I would also argue that a specialty pa knows more about that specialty(say em) than a physician who does not practice that specialty so given the choice for myself or my family I would(and have) take:thumbdown: a skilled em pa over an fp/im doc without em experience.
 

AngryBaby

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emedpa said:
pa's can also specialize through postgrad residencies(www.appap.org) or on the job experience and training. after 19 years working in emergency medicine I would argue that although I do not have 80% of the book knowledge of an em physician I can do 80% of what they do.
that is not to say that the standard is not the physician(it is) but in small/rural/inner city/underserved settings a pa is the next best thing.
I would also argue that a specialty pa knows more about that specialty(say em) than a physician who does not practice that specialty so given the choice for myself or my family I would(and have) take:thumbdown: a skilled em pa over an fp/im doc without em experience.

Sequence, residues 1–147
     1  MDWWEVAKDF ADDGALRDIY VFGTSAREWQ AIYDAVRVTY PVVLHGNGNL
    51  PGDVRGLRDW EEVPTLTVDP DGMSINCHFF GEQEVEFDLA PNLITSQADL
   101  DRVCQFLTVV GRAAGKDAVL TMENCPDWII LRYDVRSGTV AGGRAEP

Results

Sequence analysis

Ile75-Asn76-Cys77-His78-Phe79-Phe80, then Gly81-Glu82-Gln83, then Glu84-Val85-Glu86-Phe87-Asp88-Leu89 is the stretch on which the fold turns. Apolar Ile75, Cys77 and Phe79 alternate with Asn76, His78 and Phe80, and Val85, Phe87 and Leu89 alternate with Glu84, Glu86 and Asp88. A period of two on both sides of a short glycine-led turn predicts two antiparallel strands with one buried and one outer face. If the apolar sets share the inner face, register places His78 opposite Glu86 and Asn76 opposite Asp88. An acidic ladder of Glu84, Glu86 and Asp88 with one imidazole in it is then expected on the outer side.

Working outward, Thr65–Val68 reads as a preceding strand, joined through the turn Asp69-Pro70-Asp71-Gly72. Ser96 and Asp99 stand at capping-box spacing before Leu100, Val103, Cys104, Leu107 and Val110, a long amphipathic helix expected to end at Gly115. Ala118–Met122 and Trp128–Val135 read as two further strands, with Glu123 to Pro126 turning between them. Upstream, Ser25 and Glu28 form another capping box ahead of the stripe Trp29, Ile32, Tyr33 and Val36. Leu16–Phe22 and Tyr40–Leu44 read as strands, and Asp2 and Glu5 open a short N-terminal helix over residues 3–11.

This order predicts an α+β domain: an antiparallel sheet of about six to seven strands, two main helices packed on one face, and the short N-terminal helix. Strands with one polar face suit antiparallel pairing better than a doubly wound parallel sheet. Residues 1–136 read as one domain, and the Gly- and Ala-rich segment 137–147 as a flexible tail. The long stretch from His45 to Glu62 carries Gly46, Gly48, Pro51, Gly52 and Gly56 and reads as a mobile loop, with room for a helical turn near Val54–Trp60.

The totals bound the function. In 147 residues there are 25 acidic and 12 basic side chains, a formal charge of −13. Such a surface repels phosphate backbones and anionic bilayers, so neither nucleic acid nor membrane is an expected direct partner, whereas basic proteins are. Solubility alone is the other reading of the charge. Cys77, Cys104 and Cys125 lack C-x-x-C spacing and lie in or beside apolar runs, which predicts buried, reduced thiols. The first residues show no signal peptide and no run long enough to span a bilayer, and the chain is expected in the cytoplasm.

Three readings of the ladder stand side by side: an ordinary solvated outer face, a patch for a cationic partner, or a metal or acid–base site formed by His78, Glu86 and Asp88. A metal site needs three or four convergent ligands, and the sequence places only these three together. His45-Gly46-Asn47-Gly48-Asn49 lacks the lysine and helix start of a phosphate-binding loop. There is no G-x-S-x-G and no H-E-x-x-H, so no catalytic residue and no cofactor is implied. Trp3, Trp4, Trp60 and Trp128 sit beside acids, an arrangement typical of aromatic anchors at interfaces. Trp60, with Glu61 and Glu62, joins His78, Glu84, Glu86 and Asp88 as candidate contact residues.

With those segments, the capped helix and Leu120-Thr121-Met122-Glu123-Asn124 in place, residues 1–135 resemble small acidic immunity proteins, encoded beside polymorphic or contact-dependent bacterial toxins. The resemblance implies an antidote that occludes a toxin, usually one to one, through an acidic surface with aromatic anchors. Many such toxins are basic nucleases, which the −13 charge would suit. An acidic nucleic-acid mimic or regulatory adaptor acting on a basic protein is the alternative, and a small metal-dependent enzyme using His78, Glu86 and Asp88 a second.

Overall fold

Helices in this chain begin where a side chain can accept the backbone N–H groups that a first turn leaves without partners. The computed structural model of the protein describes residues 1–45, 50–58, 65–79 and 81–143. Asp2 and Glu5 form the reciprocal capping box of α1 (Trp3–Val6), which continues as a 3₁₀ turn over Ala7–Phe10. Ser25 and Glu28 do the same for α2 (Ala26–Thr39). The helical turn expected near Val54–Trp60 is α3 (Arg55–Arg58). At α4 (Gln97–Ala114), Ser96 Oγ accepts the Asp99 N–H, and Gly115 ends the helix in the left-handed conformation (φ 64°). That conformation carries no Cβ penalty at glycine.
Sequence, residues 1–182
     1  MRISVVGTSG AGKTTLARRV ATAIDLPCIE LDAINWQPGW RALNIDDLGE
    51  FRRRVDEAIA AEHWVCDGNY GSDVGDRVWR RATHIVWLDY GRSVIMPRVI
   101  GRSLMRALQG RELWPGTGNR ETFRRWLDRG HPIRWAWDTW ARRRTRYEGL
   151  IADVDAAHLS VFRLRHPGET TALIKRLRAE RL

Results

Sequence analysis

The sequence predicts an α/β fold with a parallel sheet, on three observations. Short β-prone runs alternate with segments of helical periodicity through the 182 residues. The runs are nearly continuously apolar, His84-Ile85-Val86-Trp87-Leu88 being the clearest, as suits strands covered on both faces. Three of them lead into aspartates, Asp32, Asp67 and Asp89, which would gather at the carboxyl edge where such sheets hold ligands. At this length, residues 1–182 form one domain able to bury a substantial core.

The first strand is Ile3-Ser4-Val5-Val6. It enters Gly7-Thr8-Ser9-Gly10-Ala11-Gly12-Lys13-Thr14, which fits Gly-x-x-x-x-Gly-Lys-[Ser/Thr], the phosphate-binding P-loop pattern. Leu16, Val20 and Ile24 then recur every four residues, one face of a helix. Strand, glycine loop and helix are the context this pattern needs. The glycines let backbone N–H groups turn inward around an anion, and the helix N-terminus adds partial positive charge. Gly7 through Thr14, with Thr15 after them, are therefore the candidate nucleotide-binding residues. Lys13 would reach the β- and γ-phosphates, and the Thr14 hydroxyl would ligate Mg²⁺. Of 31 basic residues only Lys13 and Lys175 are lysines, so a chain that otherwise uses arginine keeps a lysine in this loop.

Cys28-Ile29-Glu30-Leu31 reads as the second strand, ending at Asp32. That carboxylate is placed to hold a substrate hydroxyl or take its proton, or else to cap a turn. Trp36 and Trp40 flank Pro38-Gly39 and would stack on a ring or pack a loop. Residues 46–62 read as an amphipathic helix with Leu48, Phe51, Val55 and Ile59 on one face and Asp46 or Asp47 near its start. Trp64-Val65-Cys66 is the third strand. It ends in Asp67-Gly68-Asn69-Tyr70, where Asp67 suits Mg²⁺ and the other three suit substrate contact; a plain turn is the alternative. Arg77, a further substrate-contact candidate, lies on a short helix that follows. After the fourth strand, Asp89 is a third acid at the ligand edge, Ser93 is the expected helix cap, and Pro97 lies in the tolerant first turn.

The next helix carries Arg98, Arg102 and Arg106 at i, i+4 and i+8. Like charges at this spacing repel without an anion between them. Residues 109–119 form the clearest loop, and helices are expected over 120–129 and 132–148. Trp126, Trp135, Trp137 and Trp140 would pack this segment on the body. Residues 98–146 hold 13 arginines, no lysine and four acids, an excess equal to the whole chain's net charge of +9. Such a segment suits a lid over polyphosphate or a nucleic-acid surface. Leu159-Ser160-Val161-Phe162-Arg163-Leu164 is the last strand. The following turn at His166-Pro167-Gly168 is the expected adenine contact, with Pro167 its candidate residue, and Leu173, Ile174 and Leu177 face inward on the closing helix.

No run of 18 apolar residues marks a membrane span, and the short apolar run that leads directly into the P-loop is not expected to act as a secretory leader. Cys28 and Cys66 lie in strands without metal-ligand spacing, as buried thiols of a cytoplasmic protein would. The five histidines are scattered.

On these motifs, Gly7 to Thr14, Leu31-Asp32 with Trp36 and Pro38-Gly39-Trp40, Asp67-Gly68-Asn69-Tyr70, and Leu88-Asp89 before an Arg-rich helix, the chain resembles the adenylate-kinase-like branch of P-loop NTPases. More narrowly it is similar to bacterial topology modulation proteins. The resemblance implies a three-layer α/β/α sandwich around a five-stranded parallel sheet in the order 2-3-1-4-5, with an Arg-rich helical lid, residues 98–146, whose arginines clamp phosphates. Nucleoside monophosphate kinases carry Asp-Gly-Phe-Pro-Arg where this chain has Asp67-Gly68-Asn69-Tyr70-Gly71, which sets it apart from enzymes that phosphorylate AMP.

Agreed. I don't mean to belittle PA's in any way.

I think comparing PA's in a certain specialty with docs of different specialties is sort of like apples vs. oranges, but I agree with that statement of yours nonetheless. Also, when I was shadowing a doc recently a friend of mine was shadowing in the same hospital with me and actually shadowed a PA for 1 day and said he noticed no difference btwn the PA vs. docs he shadowed, for whatever that's worth.
 

emedpa

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AngryBaby said:
Agreed. I don't mean to belittle PA's in any way.

I think comparing PA's in a certain specialty with docs of different specialties is sort of like apples vs. oranges, but I agree with that statement of yours nonetheless. Also, when I was shadowing a doc recently a friend of mine was shadowing in the same hospital with me and actually shadowed a PA for 1 day and said he noticed no difference btwn the PA vs. docs he shadowed, for whatever that's worth.